Nov. 15, 2014 - Vaticano - 1099818 : (Donatella Giagnori / EIDON),  2014-11-15 Vaticano - Pope Francis holds an audience with members of the Association of Italian Catholic Doctors - Pope Francis greets members of the Association of Italian Catholic Doctors at Paul VI Hall on November 15, 2014 at Vatican (Credit Image: © Donatella Giagnori/Eidon Press/ZUMA Wire)

A quasi-religious movement now has a genuinely religious leader

Rick LowryRich-Lowry writes: The pope’s encyclical on the environment is being hailed for its embrace of science, although it is about as scientific as the Catholic hymnal.

Pope Francis writes that Sister Earth “now cries out because of the harm we have inflicted on her by our irresponsible use and abuse of the goods with which God has endowed her.” Really? Is that what the United Nations’ Intergovernmental Panel on Climate Change says?

“The average person in the world of 1800 was no better off than the average person of 100,000 B.C. …Life expectancy was no higher in 1800 than for hunter-gatherers: 30 to 35 years. Stature, a measure both of the quality of diet and of children’s exposure to disease, was higher in the Stone Age than in 1800.”

— Gregory Clark, author of A Farewell to Alms: A Brief Economic History of the World

The Catholic Church brings comfort and meaning to the lives of countless millions. That doesn’t mean that climate science, economic policy and cost-benefit analysis are its core competencies.

Environm

“But at least when everyone died at a much earlier age, we weren’t engaging in the ravages of the planet that so exercise Francis.”

No one has ever said: Yes, but what did Gregory VII do to fight the onset of the Medieval Warm Period?41PJ8r7zYVL._SL250_

All that matters to the media, though, is that Pope Francis has taken an apocalyptic climate alarmism and given it the imprimatur of the Vatican.

[Check out Gregory Clark’s book “A Farewell to Alms: A Brief Economic History of the World” at Amazon.com]

The same people who dismiss the pope on more central moral matters, like the dignity of life, are now attributing to him an authority that might have made Pope Innocent III, who challenged kings, blush.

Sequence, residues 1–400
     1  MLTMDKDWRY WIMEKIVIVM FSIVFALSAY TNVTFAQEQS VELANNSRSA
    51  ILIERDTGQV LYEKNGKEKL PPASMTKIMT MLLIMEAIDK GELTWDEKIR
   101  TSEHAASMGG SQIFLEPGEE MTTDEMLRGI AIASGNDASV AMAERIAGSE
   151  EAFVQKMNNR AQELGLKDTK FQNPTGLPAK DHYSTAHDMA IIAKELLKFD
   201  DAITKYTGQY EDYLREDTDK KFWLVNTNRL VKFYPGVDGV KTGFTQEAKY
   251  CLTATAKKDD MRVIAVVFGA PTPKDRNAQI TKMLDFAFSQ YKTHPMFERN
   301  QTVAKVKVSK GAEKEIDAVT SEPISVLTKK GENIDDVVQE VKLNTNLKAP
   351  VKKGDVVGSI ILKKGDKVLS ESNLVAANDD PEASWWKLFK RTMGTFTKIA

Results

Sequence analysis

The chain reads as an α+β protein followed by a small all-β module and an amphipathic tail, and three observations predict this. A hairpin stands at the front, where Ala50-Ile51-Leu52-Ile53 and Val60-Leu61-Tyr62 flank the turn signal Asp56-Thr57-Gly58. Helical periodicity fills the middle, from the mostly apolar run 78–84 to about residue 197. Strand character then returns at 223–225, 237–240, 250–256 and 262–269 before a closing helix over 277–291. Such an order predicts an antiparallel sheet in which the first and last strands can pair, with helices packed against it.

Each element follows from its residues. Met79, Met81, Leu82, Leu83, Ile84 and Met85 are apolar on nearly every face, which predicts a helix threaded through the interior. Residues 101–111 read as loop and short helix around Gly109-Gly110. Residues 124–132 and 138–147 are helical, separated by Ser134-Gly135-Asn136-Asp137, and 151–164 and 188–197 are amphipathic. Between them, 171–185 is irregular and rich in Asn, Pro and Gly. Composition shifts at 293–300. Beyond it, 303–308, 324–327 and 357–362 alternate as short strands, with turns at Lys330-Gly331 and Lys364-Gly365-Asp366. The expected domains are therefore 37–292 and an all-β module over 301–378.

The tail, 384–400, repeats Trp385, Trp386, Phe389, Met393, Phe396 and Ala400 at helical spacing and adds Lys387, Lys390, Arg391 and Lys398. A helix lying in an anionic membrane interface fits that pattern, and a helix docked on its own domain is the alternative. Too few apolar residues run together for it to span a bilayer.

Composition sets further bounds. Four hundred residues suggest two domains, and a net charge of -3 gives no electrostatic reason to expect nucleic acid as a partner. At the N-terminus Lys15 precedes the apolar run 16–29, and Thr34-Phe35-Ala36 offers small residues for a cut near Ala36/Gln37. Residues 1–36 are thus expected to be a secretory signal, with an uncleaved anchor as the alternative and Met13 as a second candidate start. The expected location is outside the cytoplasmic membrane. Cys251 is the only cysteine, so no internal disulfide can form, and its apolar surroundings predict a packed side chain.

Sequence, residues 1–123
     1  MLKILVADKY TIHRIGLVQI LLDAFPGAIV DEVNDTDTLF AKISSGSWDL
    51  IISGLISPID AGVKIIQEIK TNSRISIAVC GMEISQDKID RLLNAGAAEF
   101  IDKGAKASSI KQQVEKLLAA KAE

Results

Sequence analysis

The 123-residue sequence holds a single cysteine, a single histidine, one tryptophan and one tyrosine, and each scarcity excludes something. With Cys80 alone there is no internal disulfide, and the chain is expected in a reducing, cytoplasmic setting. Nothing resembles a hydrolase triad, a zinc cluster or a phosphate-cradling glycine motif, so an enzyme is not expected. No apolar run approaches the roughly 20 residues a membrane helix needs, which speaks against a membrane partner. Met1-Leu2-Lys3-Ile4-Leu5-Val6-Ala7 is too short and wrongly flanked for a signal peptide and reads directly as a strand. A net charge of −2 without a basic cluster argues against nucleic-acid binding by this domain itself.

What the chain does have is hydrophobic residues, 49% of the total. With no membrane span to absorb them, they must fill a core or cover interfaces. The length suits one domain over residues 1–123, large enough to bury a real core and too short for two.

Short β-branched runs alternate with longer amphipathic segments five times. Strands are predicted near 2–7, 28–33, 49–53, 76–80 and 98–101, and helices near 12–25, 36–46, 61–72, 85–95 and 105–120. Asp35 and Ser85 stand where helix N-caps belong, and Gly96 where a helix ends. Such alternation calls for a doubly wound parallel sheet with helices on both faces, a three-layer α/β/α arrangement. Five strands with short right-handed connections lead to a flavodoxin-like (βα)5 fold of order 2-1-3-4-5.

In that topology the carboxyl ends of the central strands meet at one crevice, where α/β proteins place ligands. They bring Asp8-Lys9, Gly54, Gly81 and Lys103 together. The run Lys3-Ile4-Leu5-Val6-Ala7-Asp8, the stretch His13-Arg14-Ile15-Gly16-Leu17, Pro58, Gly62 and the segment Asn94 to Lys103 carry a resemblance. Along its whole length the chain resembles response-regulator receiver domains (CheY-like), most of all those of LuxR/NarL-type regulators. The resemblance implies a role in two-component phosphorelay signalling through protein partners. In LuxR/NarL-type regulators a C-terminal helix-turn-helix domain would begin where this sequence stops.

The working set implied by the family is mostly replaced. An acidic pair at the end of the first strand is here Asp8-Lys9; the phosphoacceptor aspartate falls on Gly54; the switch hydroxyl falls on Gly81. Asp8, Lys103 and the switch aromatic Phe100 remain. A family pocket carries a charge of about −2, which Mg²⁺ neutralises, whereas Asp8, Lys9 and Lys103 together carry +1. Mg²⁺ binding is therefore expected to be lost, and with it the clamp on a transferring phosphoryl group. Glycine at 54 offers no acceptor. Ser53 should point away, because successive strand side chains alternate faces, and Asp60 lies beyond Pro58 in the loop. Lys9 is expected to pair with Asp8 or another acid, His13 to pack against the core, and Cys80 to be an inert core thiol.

The document could have benefited from an editor cutting out the bizarre ramblings. The pope writes of “harmful habits of consumption,” including “the increasing use and power of air conditioning.” He argues that “an outsider looking at our world would be amazed at such behavior.”

That’s assuming the outsider lives in a very cool climate, or doesn’t mind sweating. Anyone not so lucky probably thinks the inventor of air conditioning should be canonized.

Featured Image -- 59274

“This sinful assault on the Earth, by the way, largely consisted in taking otherwise completely useless glop from the ground and using it to power economic and technical advances that enriched average people beyond anyone’s imagining. This is obviously a secular miracle of the highest order.”

While the pope pays lip service to technological advances, he doesn’t truly appreciate their wonders. The Industrial Revolution was a great boon to humankind.

Consider the unrelieved misery — the disease, the poverty, the illiteracy — before around 1800, when if you weren’t an aristocrat, a general or a bishop, your life was probably nasty, brutish and short.

[Read the full text here, at New York Post]

“The average person in the world of 1800 was no better off than the average person of 100,000 B.C.,” Gregory Clark writes in his book “A Farewell to Alms: A Brief Economic History of the World.” Read the rest of this entry »


[VIDEO] France: Churches into Mosques


The sale of church buildings has become commonplace in France – but a recent proposal to convert a church to a mosque has triggered a nationwide controversy. Church congregations in France are dwindling and the town of Vierzon is no exception. With a population of only 27,000, Vierzon is home to six Roman Catholic churches. To balance its books, the local diocese decided to sell one of the churches. But tempers flared after a Moroccan Muslim organization said it wanted to buy the church and convert it to a mosque.